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Dartmoor

Discussion in 'Bushcraft Chatter' started by Lucyc, Jan 24, 2008.

  1. Lucyc

    Lucyc Forager

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    Hi,
    Me and a friend have decided to go over to Dartmoor for a bit of wild camping by night and bouldering by day at Easter, since am I right in thinking this is the only place where you can camp not in a campsite around here?
    So basically I was just wondering for anyone who's done the same thing whether there's anywhere you can't camp, that you're allowed fires, and everything like that. I tried looking at the Dartmoor wild camping webpage but it all seemed a bit law-speaky and confusing, so I thought I'd try and find out here instead!
    Thanks,
    Lucy
     
  2. shocks

    shocks Forager

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    you can wild camp on dartmoor. Its great fun, no open fires though and not near the roads. There are some lovely spots but be prepared for wind and rain!!

    Check out on the ordinance survey map for exactly where you can and cant camp. Loads of fun I do it every year.
     
  3. mace242

    mace242 Native

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    Wild camping on the moor is, as has been said, allowed within certain areas - the Dartmoor wild camping site has maps with marked areas where you can go (annoyingly pretty much all off the wooded areas are of limits for campers). As you've noticed you can't have open fires. You can't be near roads - but you'd probably not want to - and you're not allowed in "enclosed areas" which basically means anything with a wall round it. There are also some parts that are off limits at certain times of the year due to wildlife restrictions (such as breeding birds).

    One thing I would say is be sure you have map and compass and know how to use them and are ready for all the things the moor can throw at you. It can be an unpredictable beast. I spend a lot of my time there as we have a caravan (our summer hideaway) nearby, and if you wand further advice please feel free to post some more or pm me.
     
  4. hammock monkey

    hammock monkey New Member

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    I love camping on Dartmoor being a zumerzet lad myself.
    'not been for a year or two but found i once found some amazing hidey-holes near the prince of wales pub, opposite side of the road that are incredibly well sheltered. I think they're the remnants of some kind of industrial works, but they almost resemble small lawns. Great in summer, not exactly hard-core camping but as far as a comfy weekend getting away, lovely.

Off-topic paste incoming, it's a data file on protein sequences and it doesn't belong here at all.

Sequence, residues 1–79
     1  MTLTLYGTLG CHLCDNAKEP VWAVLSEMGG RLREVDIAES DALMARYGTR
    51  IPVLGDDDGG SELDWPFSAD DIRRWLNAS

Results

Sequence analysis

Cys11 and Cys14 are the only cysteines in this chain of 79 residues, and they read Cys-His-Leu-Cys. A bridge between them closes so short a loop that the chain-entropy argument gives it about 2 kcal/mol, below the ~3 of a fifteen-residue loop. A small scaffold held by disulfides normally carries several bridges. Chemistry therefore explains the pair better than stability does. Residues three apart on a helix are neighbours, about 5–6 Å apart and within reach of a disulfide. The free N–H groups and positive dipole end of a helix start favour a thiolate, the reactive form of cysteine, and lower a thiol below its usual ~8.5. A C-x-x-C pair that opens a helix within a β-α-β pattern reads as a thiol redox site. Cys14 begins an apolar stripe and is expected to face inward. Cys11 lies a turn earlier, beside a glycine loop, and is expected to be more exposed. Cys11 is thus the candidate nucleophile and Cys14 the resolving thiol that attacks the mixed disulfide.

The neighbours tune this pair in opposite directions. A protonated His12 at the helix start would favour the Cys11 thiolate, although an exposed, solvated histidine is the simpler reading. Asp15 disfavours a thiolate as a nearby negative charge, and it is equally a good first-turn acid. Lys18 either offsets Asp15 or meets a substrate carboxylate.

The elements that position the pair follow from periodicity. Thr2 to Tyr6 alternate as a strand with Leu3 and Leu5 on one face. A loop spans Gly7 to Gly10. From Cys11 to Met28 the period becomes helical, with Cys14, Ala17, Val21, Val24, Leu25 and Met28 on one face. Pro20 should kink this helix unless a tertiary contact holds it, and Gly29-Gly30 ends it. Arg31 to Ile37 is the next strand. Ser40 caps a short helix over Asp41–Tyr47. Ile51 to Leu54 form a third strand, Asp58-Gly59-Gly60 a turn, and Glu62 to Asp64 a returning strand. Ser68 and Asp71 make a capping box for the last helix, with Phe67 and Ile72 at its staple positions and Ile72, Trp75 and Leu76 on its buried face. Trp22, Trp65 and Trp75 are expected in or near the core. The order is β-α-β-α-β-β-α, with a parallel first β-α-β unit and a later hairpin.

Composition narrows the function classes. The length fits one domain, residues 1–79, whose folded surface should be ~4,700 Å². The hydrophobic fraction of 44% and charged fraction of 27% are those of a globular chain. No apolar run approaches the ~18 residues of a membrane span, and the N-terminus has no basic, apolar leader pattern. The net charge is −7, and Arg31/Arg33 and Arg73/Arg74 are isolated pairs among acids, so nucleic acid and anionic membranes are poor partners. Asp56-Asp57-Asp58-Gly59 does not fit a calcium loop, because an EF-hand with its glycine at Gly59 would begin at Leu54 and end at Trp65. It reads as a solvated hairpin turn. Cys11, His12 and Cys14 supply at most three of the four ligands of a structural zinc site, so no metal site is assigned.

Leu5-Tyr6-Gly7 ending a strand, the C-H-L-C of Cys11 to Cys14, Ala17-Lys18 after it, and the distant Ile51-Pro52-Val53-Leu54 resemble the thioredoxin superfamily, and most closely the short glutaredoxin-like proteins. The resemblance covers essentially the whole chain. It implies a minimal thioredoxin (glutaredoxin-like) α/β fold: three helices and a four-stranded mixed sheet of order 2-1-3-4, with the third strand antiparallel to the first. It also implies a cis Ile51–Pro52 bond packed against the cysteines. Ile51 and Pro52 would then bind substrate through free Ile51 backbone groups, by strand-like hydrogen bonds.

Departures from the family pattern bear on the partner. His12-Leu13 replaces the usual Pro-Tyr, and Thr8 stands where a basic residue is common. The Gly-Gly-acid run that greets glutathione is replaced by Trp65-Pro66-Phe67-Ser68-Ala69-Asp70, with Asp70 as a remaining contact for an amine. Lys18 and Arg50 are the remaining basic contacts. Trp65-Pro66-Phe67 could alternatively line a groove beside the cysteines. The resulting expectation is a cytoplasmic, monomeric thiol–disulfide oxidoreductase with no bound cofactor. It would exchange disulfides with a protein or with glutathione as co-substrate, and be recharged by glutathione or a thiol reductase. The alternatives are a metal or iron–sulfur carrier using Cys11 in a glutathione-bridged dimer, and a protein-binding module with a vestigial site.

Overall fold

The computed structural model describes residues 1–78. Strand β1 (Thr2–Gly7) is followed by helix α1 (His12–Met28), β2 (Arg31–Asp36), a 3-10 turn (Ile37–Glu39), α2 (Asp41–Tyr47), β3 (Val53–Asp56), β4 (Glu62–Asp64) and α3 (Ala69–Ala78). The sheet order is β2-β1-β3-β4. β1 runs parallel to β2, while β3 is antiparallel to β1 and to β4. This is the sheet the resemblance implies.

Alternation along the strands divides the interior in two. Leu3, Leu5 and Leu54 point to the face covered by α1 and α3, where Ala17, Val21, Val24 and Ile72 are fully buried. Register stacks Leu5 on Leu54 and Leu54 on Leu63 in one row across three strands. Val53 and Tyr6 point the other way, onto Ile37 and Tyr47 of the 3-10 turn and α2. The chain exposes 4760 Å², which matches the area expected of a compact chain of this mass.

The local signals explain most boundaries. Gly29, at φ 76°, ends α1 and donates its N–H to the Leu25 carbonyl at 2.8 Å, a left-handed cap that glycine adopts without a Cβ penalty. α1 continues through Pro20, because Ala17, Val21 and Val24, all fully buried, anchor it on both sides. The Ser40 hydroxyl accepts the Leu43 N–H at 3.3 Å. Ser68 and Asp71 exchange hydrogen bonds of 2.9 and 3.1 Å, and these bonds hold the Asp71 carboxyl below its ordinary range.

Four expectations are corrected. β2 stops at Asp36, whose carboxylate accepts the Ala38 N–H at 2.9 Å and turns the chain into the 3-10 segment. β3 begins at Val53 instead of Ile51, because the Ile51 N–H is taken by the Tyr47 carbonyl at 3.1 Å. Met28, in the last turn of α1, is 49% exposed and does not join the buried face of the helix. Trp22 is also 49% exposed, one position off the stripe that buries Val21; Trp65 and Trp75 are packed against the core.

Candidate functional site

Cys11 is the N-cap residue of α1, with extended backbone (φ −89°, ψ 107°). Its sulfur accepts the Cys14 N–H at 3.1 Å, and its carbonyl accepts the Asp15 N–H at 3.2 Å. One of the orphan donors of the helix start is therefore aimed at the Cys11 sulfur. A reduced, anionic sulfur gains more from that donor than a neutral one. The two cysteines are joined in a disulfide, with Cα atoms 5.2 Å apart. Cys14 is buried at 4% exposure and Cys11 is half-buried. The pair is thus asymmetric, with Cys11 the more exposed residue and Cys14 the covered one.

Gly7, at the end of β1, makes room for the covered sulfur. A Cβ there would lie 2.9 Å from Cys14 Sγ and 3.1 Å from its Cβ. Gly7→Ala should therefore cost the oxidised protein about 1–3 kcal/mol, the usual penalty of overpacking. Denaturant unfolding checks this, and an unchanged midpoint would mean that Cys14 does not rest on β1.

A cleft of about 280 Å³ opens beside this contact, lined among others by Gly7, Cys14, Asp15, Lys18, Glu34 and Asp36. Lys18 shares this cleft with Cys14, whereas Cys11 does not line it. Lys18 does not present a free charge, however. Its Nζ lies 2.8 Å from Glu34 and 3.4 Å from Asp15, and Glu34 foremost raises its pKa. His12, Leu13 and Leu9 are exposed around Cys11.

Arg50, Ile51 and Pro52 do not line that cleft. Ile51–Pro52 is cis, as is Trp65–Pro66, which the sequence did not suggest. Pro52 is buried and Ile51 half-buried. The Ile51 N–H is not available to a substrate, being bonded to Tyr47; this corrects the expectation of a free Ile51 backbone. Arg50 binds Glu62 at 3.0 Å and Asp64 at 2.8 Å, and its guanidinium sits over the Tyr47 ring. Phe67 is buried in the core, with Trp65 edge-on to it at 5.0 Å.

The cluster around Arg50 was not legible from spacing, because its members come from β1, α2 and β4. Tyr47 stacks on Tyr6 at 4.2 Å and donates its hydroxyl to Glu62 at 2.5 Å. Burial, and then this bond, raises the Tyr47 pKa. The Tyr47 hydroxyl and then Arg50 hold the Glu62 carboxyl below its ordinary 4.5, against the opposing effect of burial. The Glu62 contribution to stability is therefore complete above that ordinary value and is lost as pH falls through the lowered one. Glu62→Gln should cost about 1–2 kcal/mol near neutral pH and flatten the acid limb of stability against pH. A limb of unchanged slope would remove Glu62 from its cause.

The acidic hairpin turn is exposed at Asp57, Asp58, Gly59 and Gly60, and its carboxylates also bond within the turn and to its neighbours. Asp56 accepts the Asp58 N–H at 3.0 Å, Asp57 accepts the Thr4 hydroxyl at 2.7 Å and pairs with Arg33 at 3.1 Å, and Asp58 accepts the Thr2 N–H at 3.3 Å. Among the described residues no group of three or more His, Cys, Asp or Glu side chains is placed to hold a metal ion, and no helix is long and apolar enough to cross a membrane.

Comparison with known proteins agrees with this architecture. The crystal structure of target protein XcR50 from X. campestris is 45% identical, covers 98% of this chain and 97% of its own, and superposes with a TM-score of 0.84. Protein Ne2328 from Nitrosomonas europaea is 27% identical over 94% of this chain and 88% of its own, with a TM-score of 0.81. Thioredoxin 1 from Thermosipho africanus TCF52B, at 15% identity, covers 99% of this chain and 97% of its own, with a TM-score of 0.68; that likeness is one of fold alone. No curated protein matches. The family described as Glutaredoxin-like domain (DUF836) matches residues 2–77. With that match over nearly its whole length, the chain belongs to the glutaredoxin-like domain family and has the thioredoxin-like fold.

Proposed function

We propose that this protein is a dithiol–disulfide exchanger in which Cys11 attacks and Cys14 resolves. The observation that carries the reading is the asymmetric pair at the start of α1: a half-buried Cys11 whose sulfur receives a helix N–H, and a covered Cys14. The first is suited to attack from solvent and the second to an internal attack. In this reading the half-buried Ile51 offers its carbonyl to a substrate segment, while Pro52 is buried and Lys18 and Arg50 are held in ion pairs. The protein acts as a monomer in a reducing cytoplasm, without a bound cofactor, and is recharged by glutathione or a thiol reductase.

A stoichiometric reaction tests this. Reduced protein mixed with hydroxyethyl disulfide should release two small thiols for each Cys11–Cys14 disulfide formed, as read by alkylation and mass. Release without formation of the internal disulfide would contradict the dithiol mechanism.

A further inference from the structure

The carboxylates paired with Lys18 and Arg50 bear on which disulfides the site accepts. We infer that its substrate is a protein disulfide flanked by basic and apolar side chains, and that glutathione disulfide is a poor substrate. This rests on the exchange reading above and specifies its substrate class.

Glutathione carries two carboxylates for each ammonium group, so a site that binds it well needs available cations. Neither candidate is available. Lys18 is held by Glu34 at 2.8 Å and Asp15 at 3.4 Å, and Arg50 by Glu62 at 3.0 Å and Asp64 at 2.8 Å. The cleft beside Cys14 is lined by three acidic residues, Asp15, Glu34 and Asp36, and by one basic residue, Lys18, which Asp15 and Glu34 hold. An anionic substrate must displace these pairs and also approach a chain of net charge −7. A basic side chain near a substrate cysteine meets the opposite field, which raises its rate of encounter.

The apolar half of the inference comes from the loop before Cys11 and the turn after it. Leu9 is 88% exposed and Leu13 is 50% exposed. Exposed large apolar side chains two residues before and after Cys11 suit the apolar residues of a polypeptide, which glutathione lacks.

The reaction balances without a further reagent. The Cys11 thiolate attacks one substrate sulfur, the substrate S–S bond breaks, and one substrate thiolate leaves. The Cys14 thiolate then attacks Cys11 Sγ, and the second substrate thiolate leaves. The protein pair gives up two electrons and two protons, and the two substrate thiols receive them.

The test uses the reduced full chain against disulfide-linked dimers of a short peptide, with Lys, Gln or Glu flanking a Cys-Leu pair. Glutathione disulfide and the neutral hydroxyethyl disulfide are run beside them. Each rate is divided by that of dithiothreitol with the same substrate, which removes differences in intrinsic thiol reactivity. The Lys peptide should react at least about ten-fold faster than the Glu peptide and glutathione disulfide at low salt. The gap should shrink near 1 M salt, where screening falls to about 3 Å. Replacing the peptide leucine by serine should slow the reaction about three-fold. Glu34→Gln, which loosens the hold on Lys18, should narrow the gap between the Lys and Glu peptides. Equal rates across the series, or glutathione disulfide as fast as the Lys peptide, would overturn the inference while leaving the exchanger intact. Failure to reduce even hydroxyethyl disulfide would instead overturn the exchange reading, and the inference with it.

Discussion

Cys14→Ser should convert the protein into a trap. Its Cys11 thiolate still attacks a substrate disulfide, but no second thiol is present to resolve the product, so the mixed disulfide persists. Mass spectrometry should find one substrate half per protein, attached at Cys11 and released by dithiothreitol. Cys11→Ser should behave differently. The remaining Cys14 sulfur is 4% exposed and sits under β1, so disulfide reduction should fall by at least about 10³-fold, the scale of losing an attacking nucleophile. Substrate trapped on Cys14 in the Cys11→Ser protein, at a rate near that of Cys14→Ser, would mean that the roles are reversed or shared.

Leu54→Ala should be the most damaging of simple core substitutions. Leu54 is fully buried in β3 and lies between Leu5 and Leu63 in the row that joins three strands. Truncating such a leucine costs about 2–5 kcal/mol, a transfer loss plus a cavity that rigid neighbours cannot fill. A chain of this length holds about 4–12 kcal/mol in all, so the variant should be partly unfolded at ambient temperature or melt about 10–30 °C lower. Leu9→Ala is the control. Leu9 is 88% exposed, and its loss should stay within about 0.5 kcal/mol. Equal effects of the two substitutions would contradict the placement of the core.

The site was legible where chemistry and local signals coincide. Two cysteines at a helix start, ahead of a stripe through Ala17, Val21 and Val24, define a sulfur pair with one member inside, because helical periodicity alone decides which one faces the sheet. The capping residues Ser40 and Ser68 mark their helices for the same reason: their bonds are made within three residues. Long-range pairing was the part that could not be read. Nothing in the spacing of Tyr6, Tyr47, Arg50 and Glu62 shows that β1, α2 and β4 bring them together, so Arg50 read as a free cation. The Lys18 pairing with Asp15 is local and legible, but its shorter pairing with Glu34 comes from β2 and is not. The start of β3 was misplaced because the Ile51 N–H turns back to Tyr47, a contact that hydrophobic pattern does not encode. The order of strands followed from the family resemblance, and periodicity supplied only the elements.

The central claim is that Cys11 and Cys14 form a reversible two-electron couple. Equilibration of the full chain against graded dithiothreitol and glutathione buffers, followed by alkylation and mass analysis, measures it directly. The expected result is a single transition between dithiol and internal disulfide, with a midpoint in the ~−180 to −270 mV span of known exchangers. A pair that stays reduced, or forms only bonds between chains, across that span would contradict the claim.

5. leon-1

    leon-1 Mod
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    Hi Lucy, if you want a place where you can have an open fire then you will be restricted to campsites unfortunately. Down the road to the south of Widecombe is the Cockingford Campsite which allows fires next to the stream / river that runs through it. Up the road and to the north west of Widecombe is Bonehill Rocks which is a great place to boulder and also borders Bonehill Down (go figure). Also over in that direction there is Hound Tor which has some pretty good bouldering as well.
     
  6. Lucyc

    Lucyc Forager

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    Thanks vey much everyone - but no open fires? That sucks :rant: how is one supposed to keep warm?
     
  7. Womble

    Womble Native

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    think about the ground Lucy - a ground fire on peat can spread underground and lay dormant for quite some time and then spring up when least expected (a bit like the spanish inquisition...).

    The campsite Leon mentioned allows them though, as does the campsite at Runnage farm near Postbridge - both sites have a stream running adjacent to the camping area..
     
  8. Lucyc

    Lucyc Forager